Avery v. United States Department of the Air Force et al
MEMORANDUM OF OPINION. Signed by Judge L Scott Coogler on 10/1/2015. (PSM)
2015 Oct-01 AM 10:13
U.S. DISTRICT COURT
N.D. OF ALABAMA
IN THE UNITED STATES DISTRICT COURT
FOR THE NORTHERN DISTRICT OF ALABAMA
DEPARTMENT OF THE AIR
FORCE, et al,
MEMORANDUM OF OPINION
Plaintiff Michael Avery filed a pro se complaint seeking a review of the Air
Force Board for Correction of Military Records’ decision not to change the reasons
for his discharge and not to remove certain records about mental illness. Further,
Avery asserts monetary claims stemming from his discharge from the Air Force.
The Defendants have moved to dismiss for lack of subject matter jurisdiction. For
the reasons stated below, the motion is due to be GRANTED, and this case is due
to be DISMISSED.
The relief Avery requests stems from his involuntary separation from the Air
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Force in 1969. Avery entered the Air Force in 1967. In a psychiatric evaluation in
1969, a psychiatrist diagnosed him with a severe character behavior disorder, which
the psychiatrist determined was not a disability. Avery was administratively
discharged later the same year. In 1971, Avery requested that his discharge be
upgraded to honorable, which the Air Force Discharge Review Board granted.
Since his discharge, Avery has filed numerous requests with the Air Force Board
for Correction of Military Records (“AFBCMR”). Further, he filed a suit in the
Court of Federal Claims seeking largely the same relief sought in this case—review
of the AFBCMR’s decision and monetary damages. The court in that case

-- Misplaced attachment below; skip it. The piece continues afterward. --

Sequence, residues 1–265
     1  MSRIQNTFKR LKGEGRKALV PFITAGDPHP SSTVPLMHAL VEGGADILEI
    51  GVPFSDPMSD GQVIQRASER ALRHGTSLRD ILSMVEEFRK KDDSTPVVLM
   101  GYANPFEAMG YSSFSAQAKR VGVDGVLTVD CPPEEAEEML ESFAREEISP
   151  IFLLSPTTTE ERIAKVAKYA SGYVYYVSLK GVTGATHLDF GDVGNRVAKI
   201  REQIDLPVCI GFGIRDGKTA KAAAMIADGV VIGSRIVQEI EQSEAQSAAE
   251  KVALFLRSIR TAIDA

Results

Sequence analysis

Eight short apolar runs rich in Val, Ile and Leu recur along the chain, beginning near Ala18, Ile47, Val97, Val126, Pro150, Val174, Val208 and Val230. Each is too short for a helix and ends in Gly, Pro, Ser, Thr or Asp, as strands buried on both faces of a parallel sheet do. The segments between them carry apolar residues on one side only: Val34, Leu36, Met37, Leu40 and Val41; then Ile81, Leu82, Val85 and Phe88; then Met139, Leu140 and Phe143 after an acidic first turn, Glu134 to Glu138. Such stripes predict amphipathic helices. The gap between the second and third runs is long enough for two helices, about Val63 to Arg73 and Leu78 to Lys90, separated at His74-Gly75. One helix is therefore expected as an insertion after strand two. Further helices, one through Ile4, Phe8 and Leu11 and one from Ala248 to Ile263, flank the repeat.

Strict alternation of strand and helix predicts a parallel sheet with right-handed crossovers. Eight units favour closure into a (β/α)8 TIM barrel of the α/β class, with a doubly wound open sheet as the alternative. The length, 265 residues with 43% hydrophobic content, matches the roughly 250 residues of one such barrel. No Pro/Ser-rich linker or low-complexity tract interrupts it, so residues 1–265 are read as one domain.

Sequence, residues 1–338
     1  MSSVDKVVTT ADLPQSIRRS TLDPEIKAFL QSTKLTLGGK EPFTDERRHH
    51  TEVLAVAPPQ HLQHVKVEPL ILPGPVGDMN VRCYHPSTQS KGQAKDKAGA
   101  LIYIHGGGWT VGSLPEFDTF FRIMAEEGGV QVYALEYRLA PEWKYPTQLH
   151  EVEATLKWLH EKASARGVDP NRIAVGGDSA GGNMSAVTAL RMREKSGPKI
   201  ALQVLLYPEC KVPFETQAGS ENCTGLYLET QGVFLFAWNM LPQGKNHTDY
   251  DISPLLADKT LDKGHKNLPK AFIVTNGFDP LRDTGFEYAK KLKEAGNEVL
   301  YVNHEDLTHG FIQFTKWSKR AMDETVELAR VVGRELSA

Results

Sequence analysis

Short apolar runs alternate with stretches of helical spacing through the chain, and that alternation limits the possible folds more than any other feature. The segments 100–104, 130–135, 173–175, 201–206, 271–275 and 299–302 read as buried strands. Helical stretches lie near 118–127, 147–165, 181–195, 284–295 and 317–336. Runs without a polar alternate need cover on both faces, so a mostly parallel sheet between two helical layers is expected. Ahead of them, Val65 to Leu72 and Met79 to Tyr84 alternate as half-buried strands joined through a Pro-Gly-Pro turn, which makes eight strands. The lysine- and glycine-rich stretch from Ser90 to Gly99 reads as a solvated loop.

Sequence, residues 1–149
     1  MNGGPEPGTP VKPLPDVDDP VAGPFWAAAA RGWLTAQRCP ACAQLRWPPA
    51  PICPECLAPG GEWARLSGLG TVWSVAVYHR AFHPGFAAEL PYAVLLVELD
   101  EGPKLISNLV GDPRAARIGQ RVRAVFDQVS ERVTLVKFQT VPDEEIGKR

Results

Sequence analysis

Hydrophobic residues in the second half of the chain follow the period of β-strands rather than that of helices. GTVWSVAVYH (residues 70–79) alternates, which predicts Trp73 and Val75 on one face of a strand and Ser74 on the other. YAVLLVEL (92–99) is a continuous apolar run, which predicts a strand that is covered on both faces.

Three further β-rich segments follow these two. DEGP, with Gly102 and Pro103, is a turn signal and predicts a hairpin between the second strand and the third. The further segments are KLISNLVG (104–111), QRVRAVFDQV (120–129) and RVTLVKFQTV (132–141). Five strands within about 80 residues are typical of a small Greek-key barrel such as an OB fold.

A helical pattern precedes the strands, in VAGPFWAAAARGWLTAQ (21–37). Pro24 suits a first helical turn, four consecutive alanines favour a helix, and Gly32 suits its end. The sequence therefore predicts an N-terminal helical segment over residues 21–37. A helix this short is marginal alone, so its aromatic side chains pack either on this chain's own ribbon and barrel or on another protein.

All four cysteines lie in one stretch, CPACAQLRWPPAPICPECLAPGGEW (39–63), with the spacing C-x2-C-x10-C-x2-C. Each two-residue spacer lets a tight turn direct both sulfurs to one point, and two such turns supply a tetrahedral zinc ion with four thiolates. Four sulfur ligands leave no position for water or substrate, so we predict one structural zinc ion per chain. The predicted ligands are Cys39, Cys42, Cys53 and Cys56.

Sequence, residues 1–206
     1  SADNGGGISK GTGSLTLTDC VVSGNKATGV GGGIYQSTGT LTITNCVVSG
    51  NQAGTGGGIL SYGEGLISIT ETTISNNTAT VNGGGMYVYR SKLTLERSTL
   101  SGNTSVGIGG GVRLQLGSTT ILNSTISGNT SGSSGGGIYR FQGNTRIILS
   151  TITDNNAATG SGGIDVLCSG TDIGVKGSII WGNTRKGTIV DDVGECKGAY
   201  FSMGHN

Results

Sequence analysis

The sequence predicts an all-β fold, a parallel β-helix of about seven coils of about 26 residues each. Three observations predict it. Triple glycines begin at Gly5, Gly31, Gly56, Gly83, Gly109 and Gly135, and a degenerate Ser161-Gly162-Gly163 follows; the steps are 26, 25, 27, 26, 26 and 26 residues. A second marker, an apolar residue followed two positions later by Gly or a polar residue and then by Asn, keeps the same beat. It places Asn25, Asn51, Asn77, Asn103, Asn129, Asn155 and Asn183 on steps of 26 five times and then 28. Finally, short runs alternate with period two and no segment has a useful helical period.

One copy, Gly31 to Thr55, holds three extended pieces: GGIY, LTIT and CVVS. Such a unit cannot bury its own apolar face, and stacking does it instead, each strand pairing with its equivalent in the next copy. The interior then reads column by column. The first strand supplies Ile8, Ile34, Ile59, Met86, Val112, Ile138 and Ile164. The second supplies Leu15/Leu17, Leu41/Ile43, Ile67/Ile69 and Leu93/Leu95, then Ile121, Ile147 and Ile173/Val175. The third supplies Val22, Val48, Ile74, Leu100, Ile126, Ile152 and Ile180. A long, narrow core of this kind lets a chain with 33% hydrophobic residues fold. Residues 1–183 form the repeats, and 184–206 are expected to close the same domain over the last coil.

dismissed his claims for lack of subject matter jurisdiction because his claims were
time barred. 1
Standard of Reivew
Federal courts have limited jurisdiction. They possess “only that power
authorized by Constitution and statute.” Kokkonen v. Guardian Life Ins. Co. of
America, 511 U.S. 375, 377 (1994). Moreover, every federal court is presumptively
without jurisdiction “unless the contrary affirmatively appears from the record.”
King Iron Bridge & Manufacturing Co. v. County of Otoe, 120 U.S. 225, 225 (1887).
Avery seems to ask this Court at one point to review the decision from the Court of Federal
Claims. However, the United States Court of Appeals for the Federal Circuit has exclusive
jurisdiction over appeals from that court. 28 U.S.C. § 1295.
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The burden is on the plaintiff to establish that jurisdiction exists. OSI, Inc. v. U.S.,
285 F.3d 947, 951 (11th Cir. 2002). When a federal court lacks subject matter
jurisdiction, it must dismiss the case. Arbaugh v. Y&H Corp., 546 U.S.500, 514
Avery cites to the Administrative Procedure Act, 5 U.S.C. § 701–706, the
Tucker Act, 28 U.S.C. § 1491, and the Military Pay Act, 37 U.S.C. § 204, as his
bases for jurisdiction in this case. However, none of those statutes grant jurisdiction
to this Court to grant the relief requested by Avery.
1. Administrative Procedure Act
The Administrative Procedure Act (“APA”) waives sovereign immunity in
actions in district courts “seeking relief other than money damages” because of a
legal wrong due to an agency action. 5 U.S.C. § 702. However, the government
only consents to suits for “equitable and mandamus relief only and not money from